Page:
Sandwiched between the lunar and solar eclipses this month is the 2014 Lyrid meteor shower. The Lyrids are visible from April 16 to 25, but NASA is also broadcasting a live Ustream of the Lyrids on the night they peak, April 21-22, if the weather cooperates. Scientists at the Marshall Space Flight Center in Huntsville, Alabama, will Ustream the Lyrids around 8:30 p.m. EDT. You can click here to watch the Marshall Ustream site at http://www.ustream.tv/channel/nasa-msfc
NASA says around 20 meteors per hour are expected at the peak, but there will be some light from the moon affecting the view this year. The best views are expected Tuesday morning from midnight until dawn, if you have “…clear, dark skies away from city lights.” The Lyrids are parts of the periodic Comet C/1861 G1 Thatcher according to NASA, and have been viewed from Earth for over 2600 years as we pass through the debris left by the comet every April. If you are watching your own skies, the meteors should appear to originate between the constellations Lyra and Hercules, according to skymaps.com.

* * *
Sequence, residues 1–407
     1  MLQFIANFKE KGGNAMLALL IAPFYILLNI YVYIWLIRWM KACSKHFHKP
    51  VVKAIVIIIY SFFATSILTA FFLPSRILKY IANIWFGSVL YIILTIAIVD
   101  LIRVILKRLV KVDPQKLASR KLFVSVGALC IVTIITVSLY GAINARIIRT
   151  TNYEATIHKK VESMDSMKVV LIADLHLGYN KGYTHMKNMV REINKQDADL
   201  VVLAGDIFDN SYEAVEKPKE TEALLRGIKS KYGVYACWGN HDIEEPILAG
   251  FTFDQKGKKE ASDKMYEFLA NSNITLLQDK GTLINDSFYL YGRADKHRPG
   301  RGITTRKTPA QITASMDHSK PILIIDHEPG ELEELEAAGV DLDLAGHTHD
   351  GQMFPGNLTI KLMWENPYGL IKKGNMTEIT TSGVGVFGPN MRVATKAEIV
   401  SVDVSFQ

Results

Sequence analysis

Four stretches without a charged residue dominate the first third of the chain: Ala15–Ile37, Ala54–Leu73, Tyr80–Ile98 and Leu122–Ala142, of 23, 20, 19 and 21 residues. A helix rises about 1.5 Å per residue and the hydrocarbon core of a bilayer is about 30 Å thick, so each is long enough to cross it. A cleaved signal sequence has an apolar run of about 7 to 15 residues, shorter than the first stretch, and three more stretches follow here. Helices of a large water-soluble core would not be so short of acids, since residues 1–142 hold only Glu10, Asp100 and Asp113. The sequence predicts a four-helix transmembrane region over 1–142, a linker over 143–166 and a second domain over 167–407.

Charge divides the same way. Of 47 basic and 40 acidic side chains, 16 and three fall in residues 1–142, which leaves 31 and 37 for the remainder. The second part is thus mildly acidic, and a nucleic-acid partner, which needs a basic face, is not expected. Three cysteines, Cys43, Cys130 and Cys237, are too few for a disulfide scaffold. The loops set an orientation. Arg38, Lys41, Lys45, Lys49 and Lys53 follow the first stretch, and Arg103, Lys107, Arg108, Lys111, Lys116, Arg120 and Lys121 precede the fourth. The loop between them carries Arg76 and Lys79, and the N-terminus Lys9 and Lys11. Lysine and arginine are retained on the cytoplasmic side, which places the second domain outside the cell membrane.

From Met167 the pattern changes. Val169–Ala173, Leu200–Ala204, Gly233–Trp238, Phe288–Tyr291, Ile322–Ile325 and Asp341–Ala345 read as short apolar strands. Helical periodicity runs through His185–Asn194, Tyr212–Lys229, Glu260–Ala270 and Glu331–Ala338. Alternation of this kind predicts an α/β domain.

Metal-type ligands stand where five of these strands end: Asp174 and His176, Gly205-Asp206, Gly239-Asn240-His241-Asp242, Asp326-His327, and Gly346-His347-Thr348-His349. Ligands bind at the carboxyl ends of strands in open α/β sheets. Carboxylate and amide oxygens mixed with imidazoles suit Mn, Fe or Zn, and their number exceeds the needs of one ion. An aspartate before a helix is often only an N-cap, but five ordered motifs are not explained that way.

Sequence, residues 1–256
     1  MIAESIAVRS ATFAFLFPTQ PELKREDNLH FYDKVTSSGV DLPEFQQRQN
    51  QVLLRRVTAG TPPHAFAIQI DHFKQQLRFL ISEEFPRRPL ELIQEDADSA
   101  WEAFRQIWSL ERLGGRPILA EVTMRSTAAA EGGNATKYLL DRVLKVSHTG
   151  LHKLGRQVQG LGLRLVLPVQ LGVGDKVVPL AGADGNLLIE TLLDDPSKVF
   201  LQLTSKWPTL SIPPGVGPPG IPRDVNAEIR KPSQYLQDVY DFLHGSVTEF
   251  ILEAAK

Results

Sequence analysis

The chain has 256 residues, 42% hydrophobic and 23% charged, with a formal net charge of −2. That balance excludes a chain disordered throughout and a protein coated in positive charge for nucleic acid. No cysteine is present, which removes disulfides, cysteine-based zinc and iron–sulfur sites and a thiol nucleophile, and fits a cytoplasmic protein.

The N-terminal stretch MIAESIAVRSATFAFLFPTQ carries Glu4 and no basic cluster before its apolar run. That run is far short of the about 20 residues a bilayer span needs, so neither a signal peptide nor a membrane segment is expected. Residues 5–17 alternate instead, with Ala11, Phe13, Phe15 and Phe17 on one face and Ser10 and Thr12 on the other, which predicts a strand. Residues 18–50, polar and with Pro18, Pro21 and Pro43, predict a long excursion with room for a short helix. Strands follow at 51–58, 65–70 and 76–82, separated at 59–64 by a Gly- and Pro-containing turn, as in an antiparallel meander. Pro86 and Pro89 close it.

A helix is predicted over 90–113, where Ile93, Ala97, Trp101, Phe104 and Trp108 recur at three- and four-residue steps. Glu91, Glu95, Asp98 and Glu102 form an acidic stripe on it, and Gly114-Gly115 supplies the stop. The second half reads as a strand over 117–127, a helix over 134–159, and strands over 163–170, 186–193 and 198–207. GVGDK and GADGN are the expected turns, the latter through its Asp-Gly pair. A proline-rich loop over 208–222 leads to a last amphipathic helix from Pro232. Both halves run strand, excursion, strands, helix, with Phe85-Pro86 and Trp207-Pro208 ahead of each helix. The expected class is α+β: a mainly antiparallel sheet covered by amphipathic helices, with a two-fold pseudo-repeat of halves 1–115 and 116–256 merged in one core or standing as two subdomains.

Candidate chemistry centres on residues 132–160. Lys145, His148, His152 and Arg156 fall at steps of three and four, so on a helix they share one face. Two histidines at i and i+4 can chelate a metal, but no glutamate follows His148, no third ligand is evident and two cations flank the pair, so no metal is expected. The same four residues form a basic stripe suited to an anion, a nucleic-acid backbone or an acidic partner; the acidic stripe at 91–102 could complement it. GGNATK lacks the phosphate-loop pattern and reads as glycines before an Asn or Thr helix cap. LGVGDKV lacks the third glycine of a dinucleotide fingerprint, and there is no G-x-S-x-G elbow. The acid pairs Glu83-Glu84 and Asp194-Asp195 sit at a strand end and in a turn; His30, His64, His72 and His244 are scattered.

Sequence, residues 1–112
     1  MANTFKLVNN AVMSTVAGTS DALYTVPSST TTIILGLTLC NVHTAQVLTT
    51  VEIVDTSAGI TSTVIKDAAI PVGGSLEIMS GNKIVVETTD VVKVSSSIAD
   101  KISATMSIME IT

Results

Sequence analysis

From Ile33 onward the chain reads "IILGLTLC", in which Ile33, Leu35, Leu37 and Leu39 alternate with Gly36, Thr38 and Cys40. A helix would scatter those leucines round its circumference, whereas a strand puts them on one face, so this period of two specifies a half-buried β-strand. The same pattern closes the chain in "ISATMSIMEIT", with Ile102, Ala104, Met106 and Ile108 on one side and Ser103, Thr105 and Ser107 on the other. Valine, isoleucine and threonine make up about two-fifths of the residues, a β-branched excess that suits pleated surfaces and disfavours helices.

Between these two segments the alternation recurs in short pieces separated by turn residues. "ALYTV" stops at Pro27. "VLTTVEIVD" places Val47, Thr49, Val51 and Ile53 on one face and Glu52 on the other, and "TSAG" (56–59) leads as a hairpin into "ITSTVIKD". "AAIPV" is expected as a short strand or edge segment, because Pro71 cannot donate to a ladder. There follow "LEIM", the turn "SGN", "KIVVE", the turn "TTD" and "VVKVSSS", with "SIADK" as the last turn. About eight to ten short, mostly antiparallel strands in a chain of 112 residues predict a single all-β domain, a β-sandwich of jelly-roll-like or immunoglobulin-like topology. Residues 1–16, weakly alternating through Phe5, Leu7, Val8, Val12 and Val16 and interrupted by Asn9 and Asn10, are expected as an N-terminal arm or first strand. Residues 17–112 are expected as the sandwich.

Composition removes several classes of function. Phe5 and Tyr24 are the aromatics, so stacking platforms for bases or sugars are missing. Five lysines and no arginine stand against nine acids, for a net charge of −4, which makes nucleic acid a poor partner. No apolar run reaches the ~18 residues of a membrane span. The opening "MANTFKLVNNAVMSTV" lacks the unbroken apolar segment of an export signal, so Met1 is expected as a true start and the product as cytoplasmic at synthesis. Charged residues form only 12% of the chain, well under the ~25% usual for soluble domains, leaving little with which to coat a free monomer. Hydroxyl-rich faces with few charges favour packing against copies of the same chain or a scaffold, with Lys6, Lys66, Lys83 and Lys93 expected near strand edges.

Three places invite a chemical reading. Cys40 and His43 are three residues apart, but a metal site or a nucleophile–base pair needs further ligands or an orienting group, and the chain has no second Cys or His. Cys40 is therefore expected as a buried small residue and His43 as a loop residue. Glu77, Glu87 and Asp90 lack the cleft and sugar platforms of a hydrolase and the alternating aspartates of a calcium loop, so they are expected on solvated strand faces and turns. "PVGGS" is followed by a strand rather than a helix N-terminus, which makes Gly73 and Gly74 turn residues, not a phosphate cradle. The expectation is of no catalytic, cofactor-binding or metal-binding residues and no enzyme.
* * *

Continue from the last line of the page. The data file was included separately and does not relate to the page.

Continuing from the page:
Click here to visit the NASA Marshall Space Flight Center Ustream site.
Click here to visit Skymaps.com
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